The following article was written for the Orchid Species Bulletin published by the Orchid Species Society, which is based in Brisbane, Queensland in December 2006.This was updated for this website in December 2012.
Bear in mind that any cultivation notes refer to the subtropical conditions of Southern Queensland, Australia.
Cymbidium canaliculatum f. sparkesii (Rendle) F.M.Bailey was first published by Alfred Rendle as Cym. sparkesii in the Journal of Botany in 1898. Rendle distinguished this taxon by the flowers being of dark crimson colour with longer segments. Frederick Bailey reduced it to varietal status as Cym. canaliculatum var. sparkesii in the Comprehensive Catalogue of Queensland Plants in 1913. Bailey could not see any difference except for the dark colouring, as the dimensions of the segments fall within the range of the typical coloured forms. Alick Dockrill (1966) preferred to recognise the continual variation of Cym. canaliculatum by reducing var. sparkesii to synonymy. David Jones (1988, 2006) and David Du Puy and Phillip Cribb (1988) also follow Dockrill’s treatment.
Robert Brown first described Cym. canaliculatum in 1810 in Prodromus Florae Novae Hollandiae. He gave it the specific epithet from the Latin canaliculatus (canaliculate i.e. with a longitudinal groove or channel) in reference to the distinctive, thick canal-shaped leaves.
Cym. canaliculatum has clustered ovoid, grey-green pseudobulbs that are 3-12 cm long and 1.5-4 cm across. The pseudobulbs are covered at the base with a few large sheaths and bears 2-6 leaves. The heavily textured, rigid, pale green to grey-green leaves are deeply channelled and curved. The leaves are 10-50 cm long and 1.5-3 cm broad. Each pseudobulb bears 1-3 erect to pendulous racemes from the base. The racemes are 15-40 cm long and carry 5-60 or more scented flowers. Despite Du Puy and Cribb saying that Cym. canaliculatum is not scented, the perfume is strongest in the middle of the day.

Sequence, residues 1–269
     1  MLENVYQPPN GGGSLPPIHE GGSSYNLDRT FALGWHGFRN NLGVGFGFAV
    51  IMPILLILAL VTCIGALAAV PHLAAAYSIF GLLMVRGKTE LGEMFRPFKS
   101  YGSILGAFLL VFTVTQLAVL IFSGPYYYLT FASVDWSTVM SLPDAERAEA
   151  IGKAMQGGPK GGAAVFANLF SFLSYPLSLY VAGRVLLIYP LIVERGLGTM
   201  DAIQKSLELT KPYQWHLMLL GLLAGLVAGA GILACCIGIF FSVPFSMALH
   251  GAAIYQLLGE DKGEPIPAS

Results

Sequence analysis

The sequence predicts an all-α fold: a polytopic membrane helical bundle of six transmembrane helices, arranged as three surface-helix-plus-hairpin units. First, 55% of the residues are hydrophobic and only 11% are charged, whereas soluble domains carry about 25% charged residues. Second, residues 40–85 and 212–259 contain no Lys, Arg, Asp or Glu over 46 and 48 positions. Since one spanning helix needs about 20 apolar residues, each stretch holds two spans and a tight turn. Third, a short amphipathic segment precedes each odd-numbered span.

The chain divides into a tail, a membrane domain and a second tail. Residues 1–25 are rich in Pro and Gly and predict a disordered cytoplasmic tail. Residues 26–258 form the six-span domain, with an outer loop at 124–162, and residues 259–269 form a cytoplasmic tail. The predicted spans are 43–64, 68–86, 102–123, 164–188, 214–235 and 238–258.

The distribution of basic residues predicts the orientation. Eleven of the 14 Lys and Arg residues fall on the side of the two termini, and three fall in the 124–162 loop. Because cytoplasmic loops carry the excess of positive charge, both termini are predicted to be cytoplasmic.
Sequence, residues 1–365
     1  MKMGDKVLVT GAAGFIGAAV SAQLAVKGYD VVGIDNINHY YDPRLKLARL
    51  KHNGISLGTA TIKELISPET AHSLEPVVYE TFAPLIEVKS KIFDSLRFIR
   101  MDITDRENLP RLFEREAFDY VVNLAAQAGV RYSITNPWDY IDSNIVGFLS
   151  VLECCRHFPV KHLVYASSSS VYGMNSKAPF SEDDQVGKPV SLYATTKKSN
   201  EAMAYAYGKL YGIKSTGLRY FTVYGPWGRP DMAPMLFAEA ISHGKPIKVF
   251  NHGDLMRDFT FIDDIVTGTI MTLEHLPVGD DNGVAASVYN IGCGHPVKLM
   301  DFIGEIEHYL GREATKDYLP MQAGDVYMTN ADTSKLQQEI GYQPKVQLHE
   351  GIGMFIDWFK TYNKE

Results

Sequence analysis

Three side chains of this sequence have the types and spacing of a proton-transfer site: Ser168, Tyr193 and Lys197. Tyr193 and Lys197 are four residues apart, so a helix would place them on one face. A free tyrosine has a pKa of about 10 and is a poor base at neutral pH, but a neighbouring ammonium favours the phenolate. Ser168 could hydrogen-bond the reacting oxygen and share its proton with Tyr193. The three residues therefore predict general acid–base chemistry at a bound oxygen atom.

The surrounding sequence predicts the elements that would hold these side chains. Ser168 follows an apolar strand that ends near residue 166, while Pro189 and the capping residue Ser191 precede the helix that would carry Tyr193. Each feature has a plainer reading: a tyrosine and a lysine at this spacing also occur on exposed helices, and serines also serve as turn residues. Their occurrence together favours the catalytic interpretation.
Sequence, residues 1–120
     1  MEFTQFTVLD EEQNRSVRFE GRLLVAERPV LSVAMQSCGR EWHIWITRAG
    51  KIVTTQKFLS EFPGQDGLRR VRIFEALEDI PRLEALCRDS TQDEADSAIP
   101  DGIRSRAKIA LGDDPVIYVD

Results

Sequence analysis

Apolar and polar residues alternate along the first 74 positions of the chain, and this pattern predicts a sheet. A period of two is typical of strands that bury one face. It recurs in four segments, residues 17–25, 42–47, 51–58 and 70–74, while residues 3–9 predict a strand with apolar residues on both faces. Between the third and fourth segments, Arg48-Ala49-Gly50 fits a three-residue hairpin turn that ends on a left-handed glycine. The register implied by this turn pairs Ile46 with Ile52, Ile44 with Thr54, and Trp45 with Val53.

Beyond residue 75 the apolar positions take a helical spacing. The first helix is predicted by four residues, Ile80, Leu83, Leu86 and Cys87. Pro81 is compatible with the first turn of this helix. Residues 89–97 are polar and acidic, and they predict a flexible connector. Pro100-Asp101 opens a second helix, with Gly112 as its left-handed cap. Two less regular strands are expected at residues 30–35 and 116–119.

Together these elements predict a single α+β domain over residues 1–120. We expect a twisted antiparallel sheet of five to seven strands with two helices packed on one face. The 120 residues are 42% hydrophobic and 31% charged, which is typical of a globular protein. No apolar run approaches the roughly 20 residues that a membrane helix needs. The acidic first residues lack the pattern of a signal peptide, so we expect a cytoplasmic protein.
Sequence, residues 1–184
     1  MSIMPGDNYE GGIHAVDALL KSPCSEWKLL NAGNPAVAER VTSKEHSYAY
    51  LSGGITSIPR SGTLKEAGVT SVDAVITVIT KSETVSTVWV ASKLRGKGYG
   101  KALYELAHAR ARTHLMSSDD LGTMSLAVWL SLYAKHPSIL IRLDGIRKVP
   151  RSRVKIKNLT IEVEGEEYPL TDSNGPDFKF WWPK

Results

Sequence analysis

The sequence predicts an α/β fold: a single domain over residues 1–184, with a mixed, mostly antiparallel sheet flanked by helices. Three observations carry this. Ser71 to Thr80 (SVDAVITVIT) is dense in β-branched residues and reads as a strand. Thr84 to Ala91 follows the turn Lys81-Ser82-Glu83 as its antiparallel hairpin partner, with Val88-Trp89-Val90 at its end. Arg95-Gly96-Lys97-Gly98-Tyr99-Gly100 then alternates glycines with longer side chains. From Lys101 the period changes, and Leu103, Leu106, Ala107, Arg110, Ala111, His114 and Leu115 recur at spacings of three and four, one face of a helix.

The blooms of Cym. canaliculatum usually open widely and are variable in size from (1.5-) 2.5-4.5 (-5) cm across and also in colour. The sepals and petals can be pale green, brown, purple, dull red to black-red or a combination of some of these colours. Often the sepals and petals are blotched with the darker colours. Generally the lip is paler being usually whitish, often with red or purple markings. Cym. canaliculatum f. viridiflorum D.P.Banks is the rare albinistic form with green sepals and petals and pure white lip. Cym. canaliculatum f. sparkesii is the colour form with dark black-purple sepals and petals, and a white lip that is spotted with red to purple.
Cym. canaliculatum appears to be a tough-looking plant and can withstand rather dry conditions. It is common and widely distributed from the Kimberleys in the north of Western Australia, across the northern part of the Northern Territory, and from Cape York Peninsula along the east coast of Queensland to central New South Wales. Cym. canaliculatum inhabits dry sclerophyll forests and woodlands between near sea level to 900 m altitude. It can be found growing on trees by the sea in the northern areas, and in the southern part of its range it is usually encountered inland away from the coast. It often grows in the hollow trunks and branches of trees with its extensive root system deep within.
David Jones (1988) says that Cym. canaliculatum grows best in regions with a hot climate such as inland where it is warmer. Readers are referred to an excellent article on the culture of Cym. canaliculatum by Desmond Neuendorff in the April 1996 issue of Orchids Australia. Des has been awarded a number of Certificates of Cultural Commendation for his well-grown specimens of this species. Plants require plenty of good air movement and bright light. Regular watering is required during summer, especially when in active growth, however plants must be allowed to dry out prior to being re-watered. During winter plants can be allowed to become much drier with occasionally misting in the mornings to prevent shrivelling of the pseudobulbs. Excellent drainage is required so a coarse or open potting medium is needed. Des Neuendorff prefers to use a mix of 50% medium bark and charcoal mixed with polystyrene foam. Terracotta pots have been found to be preferable by some growers including Des, however good results have also been obtained in plastic pots